Former president Jacob Zuma has denied that he attempted to strong-arm the Transnet board into appointing Siyabonga Gama as its chief executive.
During the third day of his testimony before the Zondo commission of inquiry into state capture, Zuma disputed an allegation made by former public enterprises minister Barbara Hogan that he insisted Gama be appointed to the helm of Transnet, despite Gama being the subject of a disciplinary inquiry.
“I did not put my preference on Gama or whoever,” Zuma said on Wednesday.
Hogan told the commission — chaired by Deputy Chief Justice Raymond Zondo — last November that in 2009, following the resignation of Maria Ramos from Transnet, Gama was pushed up a list of candidates to take over as the chief executive of the entity. She alleged that Zuma was “adamant” about Gama’s appointment.
The matter of appointing Ramos’s successor at the end of February 2009 “became the site of an ugly protracted battle between President Zuma and I, in which he thwarted all the legal and legitimate procedures that I took to obtain Cabinet approval for any appointments whatsoever to Transnet, including the appointment of a CEO”, Hogan said.
Gama had already been eliminated as a candidate by the Transnet board after it emerged that there had been allegations of misconduct against him regarding procurement irregularities. These related to a R847-million tender in 2007 to supply 50 “like new” diesel locomotives, which was overseen by Gama, who was Transnet’s freight rail chief executive. There was also a R20-million security tender to a company owned by former minister Siphiwe Nyanda.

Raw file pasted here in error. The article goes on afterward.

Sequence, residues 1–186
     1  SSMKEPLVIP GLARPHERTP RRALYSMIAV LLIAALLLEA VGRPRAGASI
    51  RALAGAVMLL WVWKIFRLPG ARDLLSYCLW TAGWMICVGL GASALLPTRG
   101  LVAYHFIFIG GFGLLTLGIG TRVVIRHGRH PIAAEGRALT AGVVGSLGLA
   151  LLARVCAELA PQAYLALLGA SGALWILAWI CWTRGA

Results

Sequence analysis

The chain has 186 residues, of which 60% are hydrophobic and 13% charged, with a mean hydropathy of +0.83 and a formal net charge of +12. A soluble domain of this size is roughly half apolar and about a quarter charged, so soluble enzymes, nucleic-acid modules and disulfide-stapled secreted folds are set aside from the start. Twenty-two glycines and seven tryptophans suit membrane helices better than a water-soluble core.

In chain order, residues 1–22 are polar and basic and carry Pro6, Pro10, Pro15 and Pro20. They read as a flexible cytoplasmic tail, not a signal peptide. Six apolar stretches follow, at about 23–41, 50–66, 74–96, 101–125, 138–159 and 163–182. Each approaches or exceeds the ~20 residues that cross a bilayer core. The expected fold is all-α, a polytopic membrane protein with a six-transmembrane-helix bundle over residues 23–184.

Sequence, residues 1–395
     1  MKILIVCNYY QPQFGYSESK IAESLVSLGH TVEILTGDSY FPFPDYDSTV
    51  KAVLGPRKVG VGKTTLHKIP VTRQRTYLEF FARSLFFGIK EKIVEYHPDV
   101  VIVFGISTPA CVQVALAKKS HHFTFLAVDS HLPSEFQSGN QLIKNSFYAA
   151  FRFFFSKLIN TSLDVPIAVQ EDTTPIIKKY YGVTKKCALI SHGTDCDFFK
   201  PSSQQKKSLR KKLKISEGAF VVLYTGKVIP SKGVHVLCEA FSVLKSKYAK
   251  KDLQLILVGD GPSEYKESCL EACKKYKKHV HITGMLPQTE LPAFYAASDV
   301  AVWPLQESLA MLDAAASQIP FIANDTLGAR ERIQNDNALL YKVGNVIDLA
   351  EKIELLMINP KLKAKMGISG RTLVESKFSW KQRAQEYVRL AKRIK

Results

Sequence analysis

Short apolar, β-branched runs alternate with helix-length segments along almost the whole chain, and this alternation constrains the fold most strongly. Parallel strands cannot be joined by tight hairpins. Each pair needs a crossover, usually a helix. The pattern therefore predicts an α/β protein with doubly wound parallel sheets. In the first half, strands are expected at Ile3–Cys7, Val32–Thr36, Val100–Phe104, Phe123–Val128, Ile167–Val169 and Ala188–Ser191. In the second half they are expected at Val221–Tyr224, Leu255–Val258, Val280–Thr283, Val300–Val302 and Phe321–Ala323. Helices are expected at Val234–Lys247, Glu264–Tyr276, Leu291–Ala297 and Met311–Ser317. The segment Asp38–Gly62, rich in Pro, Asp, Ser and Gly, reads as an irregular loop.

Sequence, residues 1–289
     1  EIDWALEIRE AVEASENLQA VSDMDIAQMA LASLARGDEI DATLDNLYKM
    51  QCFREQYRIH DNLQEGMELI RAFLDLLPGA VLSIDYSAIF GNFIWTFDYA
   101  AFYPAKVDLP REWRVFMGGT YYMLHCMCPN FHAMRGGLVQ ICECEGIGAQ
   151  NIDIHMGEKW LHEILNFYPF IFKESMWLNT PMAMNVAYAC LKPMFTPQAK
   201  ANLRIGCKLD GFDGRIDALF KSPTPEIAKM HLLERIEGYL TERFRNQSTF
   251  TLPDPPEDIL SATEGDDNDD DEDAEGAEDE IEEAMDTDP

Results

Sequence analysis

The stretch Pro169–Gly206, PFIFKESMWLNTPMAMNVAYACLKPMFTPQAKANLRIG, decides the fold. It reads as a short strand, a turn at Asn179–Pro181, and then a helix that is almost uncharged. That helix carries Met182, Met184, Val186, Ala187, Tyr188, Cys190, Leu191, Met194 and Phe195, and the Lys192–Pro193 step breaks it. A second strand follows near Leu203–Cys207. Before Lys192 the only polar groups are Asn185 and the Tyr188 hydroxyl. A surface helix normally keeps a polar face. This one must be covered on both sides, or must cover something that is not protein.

Hogan recalled a meeting with Zuma during which the former president allegedly said that no appointment whatsoever was to be made at Transnet until Gama’s disciplinary process was over.
In response to this allegation Zuma said: “I don’t remember myself saying these things … I don’t remember me insisting on this.”
Zuma added that this would fly in the face of appointment processes. “We don’t work like that … I will not accept this, not at all.”
Earlier on Wednesday morning, Zuma was asked questions relating to Hogan’s view that recommendations by the ANC’s deployment committee had “damaging consequences” for the country’s state-owned entities.
Hogan questioned the usefulness of the committee. “It cannot be the closeness to, or membership of, the ANC, or any of its alliance structures (or factions within these structures), that should be the determining factors in the selection of candidates for senior positions,” she said in her statement to the commission.
She went on to suggest that the now infamous ANC’s 2007 national conference in Polokwane, during which Zuma was elected the president of the party, was “divisive” — resulting in “factional battles in the ANC” which “only served to entrench nepotism and patronage within the ranks” of the party.
Speaking on Wednesday, Zuma was reluctant to debate Hogan’s views of the deployment committee. But he did contest that factionalism would be a determining factor when it comes to the recommendations made by the committee.
“People are not appointed on the basis of that [factionalism] … You can’t say that the whole NEC [national executive committee] is a faction and therefore it has appointed its faction,” Zuma said.
Zuma also disputed Hogan’s view that the Polokwane conference was at the centre of the factionalism within the governing party. “For an example she quotes a particular conference [Polokwane] and what happened thereafter. Now that is not true,” he said.
He also challenged Hogan on the usefulness of the deployment committee, saying the elected party must ensure that its policies are implemented by government.
“The party can’t just allow a situation where you take anyone that you have no knowledge of … I don’t understand the logic. It may her own view because of certain cases that she is aware of,” Zuma added.
But the former president emphasised, “It’s not going to be: Which friend do we take?”